In 1994, each league was restructured into three divisions, with the three division winners and the newly introduced wild card winner advancing to a best-of-five playoff round (the "division series"), the National League Division Series (NLDS) and American League Division Series (ALDS). The team with the best league record is matched against the wild card team, unless they are in the same division, in which case, the team with the second-best record plays against the wild card winner. The remaining two division winners are pitted against each other. The winners of the series in the first round advance to the best-of-seven NLCS and ALCS. Due to a players' strike, however, the NLDS and ALDS were not played until 1995. Beginning in 1998, home field advantage was given to the team with the better regular season record, with the exception that the Wild Card team cannot get home-field advantage.
After the boycott of 1904, the World Series was played every year until 1994 despite the First World War, the global influenza pandemic of 1918-1919, the Great Depression of the 1930s, America's involvement in the Second World War, and even an earthquake in the host cities of the 1989 World Series. A breakdown in collective bargaining led to a strike in August 1994 and the eventual cancellation of the rest of the season, including the playoffs.
As the labor talks began, baseball franchise owners demanded a salary cap in order to limit payrolls, the elimination of salary arbitration, and the right to retain free agent players by matching a competitor's best offer. The Major League Baseball Players Association (MLBPA) refused to agree to limit payrolls, noting that the responsibility for high payrolls lay with those owners who were voluntarily offering contracts. One difficulty in reaching a settlement was the absence of a commissioner. When Fay Vincent was forced to resign in 1992, owners did not replace him, electing instead to make Milwaukee Brewers owner Bud Selig acting commissioner. Thus, baseball headed into the 1994 work stoppage without a full-time commissioner for the first time since the office was founded in 1920.
The previous collective bargaining agreement expired on December 31, 1993, and baseball began the 1994 season without a new agreement. Owners and players negotiated as the season progressed, but owners refused to give up the idea of a salary cap and players refused to accept one. On August 12, 1994, the players went on strike. After a month passed with no progress in the labor talks, Selig canceled the rest of the 1994 season and the postseason on September 14. The World Series was not played for the first time in 90 years. The Montreal Expos, now the Washington Nationals, were the best team in baseball at the time of the stoppage, with a record of 74-40 (since their founding in 1969, the Expos/Nationals have never played in a World Series.)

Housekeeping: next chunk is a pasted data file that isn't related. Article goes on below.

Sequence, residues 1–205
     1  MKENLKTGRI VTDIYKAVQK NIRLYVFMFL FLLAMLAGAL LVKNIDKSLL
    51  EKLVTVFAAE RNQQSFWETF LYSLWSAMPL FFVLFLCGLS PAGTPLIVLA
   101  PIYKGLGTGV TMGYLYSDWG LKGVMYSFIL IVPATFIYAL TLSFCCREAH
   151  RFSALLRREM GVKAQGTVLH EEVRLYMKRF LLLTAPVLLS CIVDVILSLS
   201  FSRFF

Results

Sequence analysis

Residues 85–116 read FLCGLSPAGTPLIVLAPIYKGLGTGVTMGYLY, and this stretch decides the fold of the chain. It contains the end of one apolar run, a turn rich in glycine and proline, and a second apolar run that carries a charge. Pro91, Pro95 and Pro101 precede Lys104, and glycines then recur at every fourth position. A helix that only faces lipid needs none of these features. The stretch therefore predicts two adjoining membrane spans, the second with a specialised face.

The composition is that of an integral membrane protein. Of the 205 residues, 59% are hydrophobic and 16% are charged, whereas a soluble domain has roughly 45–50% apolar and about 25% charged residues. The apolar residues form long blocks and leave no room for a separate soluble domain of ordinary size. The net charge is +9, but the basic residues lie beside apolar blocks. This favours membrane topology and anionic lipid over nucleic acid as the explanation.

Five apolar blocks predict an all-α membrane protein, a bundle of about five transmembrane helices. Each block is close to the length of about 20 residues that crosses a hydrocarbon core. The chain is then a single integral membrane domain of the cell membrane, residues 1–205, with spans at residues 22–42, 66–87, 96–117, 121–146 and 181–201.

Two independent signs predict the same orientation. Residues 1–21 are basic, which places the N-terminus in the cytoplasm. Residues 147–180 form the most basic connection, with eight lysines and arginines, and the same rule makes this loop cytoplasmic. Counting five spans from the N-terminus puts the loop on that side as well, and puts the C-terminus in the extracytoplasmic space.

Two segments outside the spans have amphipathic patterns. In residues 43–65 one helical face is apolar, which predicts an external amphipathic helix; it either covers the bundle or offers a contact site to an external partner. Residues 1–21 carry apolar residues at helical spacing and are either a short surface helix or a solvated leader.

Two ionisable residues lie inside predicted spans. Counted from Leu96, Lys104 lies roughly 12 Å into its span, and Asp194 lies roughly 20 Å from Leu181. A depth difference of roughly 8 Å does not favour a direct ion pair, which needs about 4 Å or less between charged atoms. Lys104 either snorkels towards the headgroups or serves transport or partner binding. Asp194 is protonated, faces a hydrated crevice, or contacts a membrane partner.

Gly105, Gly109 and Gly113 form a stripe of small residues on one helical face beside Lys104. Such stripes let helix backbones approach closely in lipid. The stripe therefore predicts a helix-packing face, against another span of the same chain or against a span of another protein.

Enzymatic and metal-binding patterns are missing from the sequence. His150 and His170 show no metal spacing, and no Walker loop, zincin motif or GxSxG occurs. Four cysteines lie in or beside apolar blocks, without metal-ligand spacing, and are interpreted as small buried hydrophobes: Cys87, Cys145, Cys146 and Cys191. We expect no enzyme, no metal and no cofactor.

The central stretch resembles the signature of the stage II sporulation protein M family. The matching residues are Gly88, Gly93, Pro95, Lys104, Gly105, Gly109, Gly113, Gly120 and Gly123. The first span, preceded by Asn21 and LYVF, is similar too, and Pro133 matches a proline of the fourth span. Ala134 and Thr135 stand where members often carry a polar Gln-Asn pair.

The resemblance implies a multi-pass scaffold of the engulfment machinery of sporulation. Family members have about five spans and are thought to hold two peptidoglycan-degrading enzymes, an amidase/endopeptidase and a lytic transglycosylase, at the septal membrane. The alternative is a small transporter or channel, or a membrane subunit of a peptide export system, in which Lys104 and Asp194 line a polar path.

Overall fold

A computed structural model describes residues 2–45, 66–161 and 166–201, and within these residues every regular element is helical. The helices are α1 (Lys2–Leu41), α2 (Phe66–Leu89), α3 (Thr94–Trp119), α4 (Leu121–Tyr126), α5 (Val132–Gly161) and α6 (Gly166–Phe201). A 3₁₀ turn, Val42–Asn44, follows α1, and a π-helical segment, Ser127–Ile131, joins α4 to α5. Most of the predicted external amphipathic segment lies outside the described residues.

The labor dispute lasted into the spring of 1995, with owners beginning spring training with replacement players. However, the MLBPA returned to work on April 2, 1995 after a federal judge, future U.S. Supreme Court justice Sonia Sotomayor, ruled that the owners had engaged in unfair labor practices. The season started on April 25 and the 1995 World Series was played as scheduled, with Atlanta beating Cleveland four games to two.
The 2001 World Series was the first World Series to end in November, due to the week-long delay in the regular season after the September 11 attacks. Game 4 had begun on Oct. 31 but went into extra innings and ended early on the morning of Nov. 1, the first time the Series had been played in November. Yankee shortstop Derek Jeter won the game with a 12th inning walk-off home run and was dubbed "Mr. November" by elements of the media - echoing the media's designation of Reggie Jackson as "Mr. October" for his slugging achievements during the 1977 World Series.
Prior to 2003, home-field advantage in the World Series alternated from year to year between the NL and AL. After the 2002 Major League Baseball All-Star Game ended in a tie, MLB decided to award home-field advantage in the World Series to the winner of the All-Star Game. Originally implemented as a two-year trial from 2003 to 2004, the practice was extended.
The American League had won every All-Star Game since this change until 2010 and thus enjoyed home-field advantage from 2002, when it also had home-field advantage based on the alternating schedule, through 2009. From 2003 to 2010, the AL and NL had each won the World Series four times, but none of them had gone the full seven games. Since then, the 2011, 2014, 2016, and 2017 World Series have gone the full seven games.
This rule was subject to debate, with various writers feeling that home-field advantage should be decided based on the regular season records of the participants, not on an exhibition game played several months earlier. Some writers especially questioned the integrity of this rule after the 2014 All-Star Game, when St. Louis Cardinals pitcher Adam Wainwright suggested that he intentionally gave Derek Jeter some easy pitches to hit in the New York Yankees' shortstop's final All-Star appearance before he retired at the end of that season.
"So now we have a game that's not real baseball determining which league hosts Games 1, 2, 6, and 7 in the World Series. It's not a game if pitchers throw one inning. It's not a game if managers try to get everyone on a bloated roster into the game. It's not a game if every franchise, no matter how wretched, has to put a player on the team ... If the game is going to count, tell the managers to channel their inner Connie Mack and go for it."